Israel is among the three leaders in readiness to fight cyber warfare, which most global experts think is already taking place, according to a new report from McAfee and Security & Defense Agenda (SDA), a leading defense and security think-tank in Brussels.
”If you want to hit a country severely, you hit its power and water supplies. Cyber technology can do this without shooting a single bullet," said Isaac Ben-Israel, cyber security advisor to Prime Minister Binyamin Netanyahu.
Finland and Sweden are the other top nations prepared for cyber attacks, while China, Russia and India rank low on the totem pole.
The report is based on interviews with global experts, of whom 57 percent believe a cyber arms race is underway.
Other findings are:
-- 36 percent believe cyber-security is more important than missile defense;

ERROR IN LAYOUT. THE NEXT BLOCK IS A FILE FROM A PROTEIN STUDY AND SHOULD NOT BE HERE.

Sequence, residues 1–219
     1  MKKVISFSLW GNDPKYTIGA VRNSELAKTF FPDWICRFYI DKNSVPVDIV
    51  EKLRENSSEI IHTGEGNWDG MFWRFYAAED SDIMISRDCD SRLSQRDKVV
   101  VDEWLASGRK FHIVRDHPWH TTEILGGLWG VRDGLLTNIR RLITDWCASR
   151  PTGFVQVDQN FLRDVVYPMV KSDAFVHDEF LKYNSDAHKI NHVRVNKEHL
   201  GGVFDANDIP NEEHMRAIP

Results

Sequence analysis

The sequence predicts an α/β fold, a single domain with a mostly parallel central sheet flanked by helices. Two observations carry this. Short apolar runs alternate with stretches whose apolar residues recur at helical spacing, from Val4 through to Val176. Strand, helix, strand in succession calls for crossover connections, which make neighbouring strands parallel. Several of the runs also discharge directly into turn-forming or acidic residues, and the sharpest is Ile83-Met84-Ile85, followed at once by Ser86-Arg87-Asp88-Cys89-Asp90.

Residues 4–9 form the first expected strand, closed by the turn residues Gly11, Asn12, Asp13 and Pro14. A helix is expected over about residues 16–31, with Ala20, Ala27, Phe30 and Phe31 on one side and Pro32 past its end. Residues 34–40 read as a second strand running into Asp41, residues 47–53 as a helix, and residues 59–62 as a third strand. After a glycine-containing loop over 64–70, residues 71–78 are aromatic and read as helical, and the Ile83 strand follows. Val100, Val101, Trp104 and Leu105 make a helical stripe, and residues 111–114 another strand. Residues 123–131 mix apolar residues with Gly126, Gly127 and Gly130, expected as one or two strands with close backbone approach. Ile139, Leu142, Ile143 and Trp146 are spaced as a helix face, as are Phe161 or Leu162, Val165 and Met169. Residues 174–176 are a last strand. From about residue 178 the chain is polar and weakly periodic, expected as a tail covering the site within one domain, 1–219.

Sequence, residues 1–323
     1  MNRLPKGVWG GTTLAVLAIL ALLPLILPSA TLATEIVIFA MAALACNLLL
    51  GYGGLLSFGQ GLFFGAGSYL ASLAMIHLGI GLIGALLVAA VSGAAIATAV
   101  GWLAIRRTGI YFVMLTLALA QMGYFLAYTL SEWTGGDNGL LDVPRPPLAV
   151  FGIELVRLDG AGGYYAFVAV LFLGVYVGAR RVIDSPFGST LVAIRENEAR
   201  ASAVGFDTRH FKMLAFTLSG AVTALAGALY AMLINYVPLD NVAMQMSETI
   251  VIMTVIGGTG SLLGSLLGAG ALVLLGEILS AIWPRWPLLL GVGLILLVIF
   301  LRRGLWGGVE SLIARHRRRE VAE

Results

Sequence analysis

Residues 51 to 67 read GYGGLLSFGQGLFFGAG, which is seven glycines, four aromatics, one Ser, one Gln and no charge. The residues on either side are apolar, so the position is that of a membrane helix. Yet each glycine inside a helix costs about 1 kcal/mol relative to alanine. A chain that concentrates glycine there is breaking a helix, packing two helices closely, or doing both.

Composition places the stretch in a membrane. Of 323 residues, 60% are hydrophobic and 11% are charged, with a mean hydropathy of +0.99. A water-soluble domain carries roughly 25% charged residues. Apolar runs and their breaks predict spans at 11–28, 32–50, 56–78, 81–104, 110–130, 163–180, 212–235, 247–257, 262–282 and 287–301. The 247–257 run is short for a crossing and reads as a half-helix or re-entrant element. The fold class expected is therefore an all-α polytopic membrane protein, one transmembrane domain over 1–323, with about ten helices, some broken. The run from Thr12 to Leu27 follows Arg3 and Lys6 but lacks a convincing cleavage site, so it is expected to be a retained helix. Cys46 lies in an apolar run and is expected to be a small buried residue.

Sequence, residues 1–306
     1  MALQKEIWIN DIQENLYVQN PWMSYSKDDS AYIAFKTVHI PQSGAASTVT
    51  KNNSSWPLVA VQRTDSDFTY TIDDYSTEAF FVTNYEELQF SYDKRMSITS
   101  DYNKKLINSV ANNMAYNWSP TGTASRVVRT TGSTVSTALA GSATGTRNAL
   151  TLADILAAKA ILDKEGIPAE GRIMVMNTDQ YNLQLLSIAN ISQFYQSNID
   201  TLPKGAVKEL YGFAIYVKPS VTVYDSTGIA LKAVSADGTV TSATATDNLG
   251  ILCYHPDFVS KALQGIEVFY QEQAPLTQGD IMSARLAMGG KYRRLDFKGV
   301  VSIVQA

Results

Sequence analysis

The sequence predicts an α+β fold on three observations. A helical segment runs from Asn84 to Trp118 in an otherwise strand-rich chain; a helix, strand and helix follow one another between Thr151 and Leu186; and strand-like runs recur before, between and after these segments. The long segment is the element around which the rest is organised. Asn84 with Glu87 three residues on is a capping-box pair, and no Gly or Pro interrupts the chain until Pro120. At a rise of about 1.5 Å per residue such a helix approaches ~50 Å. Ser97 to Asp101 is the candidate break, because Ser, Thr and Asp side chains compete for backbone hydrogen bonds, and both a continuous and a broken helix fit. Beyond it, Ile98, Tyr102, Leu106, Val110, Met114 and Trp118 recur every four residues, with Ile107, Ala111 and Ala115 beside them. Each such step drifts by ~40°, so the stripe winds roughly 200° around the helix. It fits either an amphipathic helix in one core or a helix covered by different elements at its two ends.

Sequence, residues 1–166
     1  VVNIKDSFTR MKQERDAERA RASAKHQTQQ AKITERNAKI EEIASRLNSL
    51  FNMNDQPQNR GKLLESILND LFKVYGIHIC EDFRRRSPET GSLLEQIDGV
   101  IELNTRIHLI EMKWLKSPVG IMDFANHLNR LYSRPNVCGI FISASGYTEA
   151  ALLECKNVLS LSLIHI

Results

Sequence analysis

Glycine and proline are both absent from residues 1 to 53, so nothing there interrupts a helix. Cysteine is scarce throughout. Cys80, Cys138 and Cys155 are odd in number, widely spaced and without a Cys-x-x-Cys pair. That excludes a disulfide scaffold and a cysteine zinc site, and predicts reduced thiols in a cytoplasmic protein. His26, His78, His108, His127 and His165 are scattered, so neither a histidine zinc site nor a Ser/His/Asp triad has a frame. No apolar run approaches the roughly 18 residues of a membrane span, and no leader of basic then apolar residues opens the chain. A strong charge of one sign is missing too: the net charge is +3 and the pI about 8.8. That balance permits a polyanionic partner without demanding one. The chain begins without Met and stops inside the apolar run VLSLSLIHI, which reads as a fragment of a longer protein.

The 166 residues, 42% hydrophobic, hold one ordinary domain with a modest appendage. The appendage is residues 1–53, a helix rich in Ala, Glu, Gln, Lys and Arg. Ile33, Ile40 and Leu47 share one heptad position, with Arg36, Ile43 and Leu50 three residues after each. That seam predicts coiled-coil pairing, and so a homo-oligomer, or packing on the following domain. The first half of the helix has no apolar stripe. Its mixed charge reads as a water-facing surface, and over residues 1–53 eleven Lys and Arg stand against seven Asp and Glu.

- -- 43 percent identified damage or disruption to critical infrastructure as the greatest single threat posed by cyber attacks with wide economic consequences;
- -- 45 percent believe that cyber security is as important as border security.
The readiness of the United States and Britain ranks behind that of Israel, according to the report, which also cited the need for international standards and law enforcement to combat cyber-crime.
“Until we can pool our data and equip our people and machines with intelligence, we are playing chess with only half the pieces,” said Phyllis Schneck, McAfee’s Vice President and Chief Technology Officer for the Global Public Sector.
The report called on industry to increase “cyber exercises.”
Global treaties are not enough and “delude western countries into thinking they have some protection against tactics that have been unilaterally abandoned by other treaty signatories,” Stewart Barker, the former Assistant Secretary of Homeland Security under President George W. Bush, stated in the report.